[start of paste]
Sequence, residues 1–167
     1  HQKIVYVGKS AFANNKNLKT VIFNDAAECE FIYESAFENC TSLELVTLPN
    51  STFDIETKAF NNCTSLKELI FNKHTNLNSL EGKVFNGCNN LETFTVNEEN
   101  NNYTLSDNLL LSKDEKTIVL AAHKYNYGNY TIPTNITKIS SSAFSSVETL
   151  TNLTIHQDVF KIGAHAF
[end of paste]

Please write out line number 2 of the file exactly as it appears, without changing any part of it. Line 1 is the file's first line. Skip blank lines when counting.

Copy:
     1  HQKIVYVGKS AFANNKNLKT VIFNDAAECE FIYESAFENC TSLELVTLPN